As reported in an earlier blog, Victorian Chief Police Commissioner Graham Ashton claims that a rise in that state’s crime is largely attributable to the ‘Grand Theft Auto Generation’ – young criminals who mimic the stylised crimes in violent video games and other media.
Even more ominously, his deputy, Assistant Commissioner Robert Hill (pictured) has announced: “What we are seeing is the emergence of this brazen offender, who has no regard for the law, no regard for authority, no regard for their safety”.
The dramatic rhetoric may sound familiar.
What are Superpredators?
The 1990s saw similar forecasts of an emergence in crimes by ‘superpredators’, described as:
“Radically impulsive, brutally remorseless youngsters, including ever more preteenage boys, who murder, assault, rape, rob, burglarize, deal deadly drugs, join gun-toting gangs, and create serious communal disorders. They do not fear the stigma of arrest, the pains of imprisonment, or the pangs of conscience. They perceive hardly any relationship between doing right (or wrong) now and being rewarded (or punished) for it later. To these mean-street youngsters, the words “right” and “wrong” have no fixed moral meaning.”
In short, superpredators are young offenders with no regard for others, the law or authority – they’ll try to get what they want, when they want it, despite the risks and harm caused.
The First Coming of the Superpredator
The term superpredator was coined by former Princeton Political Science Professor John DiIulio to describe a supposed wave of ultra-violent young criminals poised to take over America’s streets in the 1990s. These were:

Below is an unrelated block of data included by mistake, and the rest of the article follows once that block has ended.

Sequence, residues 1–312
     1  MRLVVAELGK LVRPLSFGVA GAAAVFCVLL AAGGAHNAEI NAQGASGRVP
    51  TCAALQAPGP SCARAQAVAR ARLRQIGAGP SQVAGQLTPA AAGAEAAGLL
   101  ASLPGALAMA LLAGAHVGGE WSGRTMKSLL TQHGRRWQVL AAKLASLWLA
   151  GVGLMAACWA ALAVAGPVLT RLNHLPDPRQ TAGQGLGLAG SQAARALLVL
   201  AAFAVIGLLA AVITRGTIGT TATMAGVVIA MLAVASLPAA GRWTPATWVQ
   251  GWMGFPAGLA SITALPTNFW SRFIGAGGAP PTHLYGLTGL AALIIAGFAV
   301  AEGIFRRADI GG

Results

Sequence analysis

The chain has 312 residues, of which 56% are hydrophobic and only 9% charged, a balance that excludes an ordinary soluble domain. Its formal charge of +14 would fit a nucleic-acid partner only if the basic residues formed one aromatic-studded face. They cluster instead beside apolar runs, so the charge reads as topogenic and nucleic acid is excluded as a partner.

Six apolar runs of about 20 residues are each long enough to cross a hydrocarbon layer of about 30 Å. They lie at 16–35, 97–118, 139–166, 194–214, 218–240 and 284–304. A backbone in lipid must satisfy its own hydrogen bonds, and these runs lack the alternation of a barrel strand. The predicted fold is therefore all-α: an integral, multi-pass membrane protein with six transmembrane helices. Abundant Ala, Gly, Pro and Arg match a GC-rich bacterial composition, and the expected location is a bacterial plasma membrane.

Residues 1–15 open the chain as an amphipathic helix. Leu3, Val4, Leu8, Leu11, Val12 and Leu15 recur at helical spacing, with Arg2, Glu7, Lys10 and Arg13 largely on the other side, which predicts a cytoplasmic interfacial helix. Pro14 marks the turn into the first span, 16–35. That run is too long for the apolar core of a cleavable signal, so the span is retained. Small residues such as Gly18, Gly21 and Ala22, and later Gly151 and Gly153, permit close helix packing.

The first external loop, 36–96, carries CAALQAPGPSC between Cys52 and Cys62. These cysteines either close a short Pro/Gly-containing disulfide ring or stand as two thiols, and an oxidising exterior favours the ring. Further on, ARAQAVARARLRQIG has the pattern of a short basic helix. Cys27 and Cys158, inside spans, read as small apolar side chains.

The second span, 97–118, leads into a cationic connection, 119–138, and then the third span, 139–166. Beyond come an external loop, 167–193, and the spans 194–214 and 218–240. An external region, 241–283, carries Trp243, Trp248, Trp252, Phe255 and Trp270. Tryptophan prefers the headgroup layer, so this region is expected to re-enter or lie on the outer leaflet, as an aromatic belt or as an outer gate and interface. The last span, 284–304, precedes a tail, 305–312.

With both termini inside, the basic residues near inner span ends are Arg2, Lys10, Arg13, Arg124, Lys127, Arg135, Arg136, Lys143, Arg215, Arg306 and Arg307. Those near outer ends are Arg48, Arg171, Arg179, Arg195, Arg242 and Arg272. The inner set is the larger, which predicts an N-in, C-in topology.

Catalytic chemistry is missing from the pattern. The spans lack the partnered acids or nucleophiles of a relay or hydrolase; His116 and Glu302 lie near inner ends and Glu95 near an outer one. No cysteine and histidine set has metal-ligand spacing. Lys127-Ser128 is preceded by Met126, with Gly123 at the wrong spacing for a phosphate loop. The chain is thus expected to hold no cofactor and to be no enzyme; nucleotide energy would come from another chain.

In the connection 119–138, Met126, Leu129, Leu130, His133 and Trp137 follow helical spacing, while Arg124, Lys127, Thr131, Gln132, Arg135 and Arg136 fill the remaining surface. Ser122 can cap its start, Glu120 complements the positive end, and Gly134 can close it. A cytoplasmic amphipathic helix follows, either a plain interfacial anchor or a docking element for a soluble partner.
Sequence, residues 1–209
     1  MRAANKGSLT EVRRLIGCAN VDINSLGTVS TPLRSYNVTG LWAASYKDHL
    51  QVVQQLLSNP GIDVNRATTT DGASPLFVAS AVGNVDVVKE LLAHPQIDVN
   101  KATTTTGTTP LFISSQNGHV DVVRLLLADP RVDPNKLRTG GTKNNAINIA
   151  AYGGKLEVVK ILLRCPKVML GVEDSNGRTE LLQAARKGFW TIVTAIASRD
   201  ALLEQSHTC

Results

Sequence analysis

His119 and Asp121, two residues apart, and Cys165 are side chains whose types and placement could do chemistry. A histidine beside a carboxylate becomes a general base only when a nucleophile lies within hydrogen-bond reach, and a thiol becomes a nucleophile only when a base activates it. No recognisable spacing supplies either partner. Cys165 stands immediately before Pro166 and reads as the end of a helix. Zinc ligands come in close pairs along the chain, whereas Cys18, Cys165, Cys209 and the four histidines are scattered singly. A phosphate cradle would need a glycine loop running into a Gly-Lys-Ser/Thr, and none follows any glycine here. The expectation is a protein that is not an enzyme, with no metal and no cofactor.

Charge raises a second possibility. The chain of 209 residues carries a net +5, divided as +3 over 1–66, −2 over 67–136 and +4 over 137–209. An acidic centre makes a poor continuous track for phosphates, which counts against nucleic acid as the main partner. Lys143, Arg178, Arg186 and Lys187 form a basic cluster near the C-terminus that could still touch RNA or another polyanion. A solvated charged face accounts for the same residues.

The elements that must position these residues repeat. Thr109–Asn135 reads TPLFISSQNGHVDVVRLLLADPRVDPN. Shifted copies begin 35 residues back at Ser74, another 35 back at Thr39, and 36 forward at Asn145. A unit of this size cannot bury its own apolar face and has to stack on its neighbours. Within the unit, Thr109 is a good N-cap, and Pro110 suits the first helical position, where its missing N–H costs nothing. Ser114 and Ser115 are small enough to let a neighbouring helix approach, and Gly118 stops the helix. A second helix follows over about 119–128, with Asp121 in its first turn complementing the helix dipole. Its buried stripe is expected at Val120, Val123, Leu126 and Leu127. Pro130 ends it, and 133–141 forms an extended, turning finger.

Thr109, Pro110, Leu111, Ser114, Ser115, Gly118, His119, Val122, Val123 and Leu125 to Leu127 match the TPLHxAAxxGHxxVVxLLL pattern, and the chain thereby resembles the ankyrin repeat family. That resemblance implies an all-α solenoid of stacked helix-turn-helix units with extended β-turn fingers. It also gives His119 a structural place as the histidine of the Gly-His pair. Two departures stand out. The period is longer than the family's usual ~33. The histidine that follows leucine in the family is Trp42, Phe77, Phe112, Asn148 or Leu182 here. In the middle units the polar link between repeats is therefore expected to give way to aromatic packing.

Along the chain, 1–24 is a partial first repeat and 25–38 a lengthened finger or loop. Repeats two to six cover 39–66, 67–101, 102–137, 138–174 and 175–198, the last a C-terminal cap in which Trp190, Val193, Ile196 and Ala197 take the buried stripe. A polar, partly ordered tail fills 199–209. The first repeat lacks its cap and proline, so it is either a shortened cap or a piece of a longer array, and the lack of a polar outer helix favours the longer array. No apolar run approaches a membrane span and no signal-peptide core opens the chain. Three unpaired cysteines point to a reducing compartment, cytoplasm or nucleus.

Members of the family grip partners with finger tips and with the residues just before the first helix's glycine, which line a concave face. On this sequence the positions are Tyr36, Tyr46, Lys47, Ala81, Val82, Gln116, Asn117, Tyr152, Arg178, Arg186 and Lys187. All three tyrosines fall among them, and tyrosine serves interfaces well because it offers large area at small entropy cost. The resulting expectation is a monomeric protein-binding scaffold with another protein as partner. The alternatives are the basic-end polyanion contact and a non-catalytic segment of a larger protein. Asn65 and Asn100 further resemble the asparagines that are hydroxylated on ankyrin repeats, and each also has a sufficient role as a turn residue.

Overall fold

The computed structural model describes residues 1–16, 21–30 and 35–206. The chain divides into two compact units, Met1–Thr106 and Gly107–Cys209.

“kids that have absolutely no respect for human life and no sense of the future…These are stone-cold predators!”.
“…fatherless, Godless, and jobless.”
The insidious group was predicted to cause chaos that, according to Professor DiIulio, “…probably cannot be defused.”
Even then first lady Hillary Clinton jumped on the superpredator bandwagon, declaring the group had “no conscience” and needed to be “brought to heel.”
Sensationalist media reporting led to a furious “tough on crime” campaign, giving police greater powers and passing harsh laws designed to combat the perceived threat.
Much Ado About Nothing?
Most now recognise that the hyped rhetoric and resulting hysteria was unfounded. Not only did crime by youth offenders decrease during and after these apocalyptic predictions, the bottom fell out of youth crime.
Based on faulty statistics and flawed analysis, the superpredator claims were fictional from the start, earning the dubious distinction of “the most damaging and erroneous myth propagated in the 100-year history of the juvenile justice system in the United States.”
A Cautionary Tale
So why are Australian police now trying to revive fears about superpredators?
To create a fictional enemy against which the public can unite? To foster the idea that police are our protectors? To increase government funding to police forces? To justify expanding police powers? Who knows…
The reality is that even the best-intentioned rhetoric can have adverse consequences.
Many believe the doomsday predictions were just a means to secure public support for proposed legislation which treats youth as adults, putting them through the adult criminal justice system and subjecting them to the same maximum penalties. Indeed, the hysteria saw a majority of States pass the laws, leading to a rise in incarceration rates.
The rise in private prisons also came about during this time, with private companies ploughing millions of dollars of ‘political donations’ into both major parties.
Many saw the superpredator hysteria as a missed opportunity for the United States to address the underlying causes of crime, rather than lock more people up for longer– and the country’s taxpayers have been paying for it ever since.
However, the experience may be an opportunity for Australia to learn from American policy mistakes.
Rather than targeting and alienating young people, perhaps governments should focus on initiatives which are designed to address underlying issues and give them some direction in life. Initiatives like justice reinvestment are doing just that, with positive results.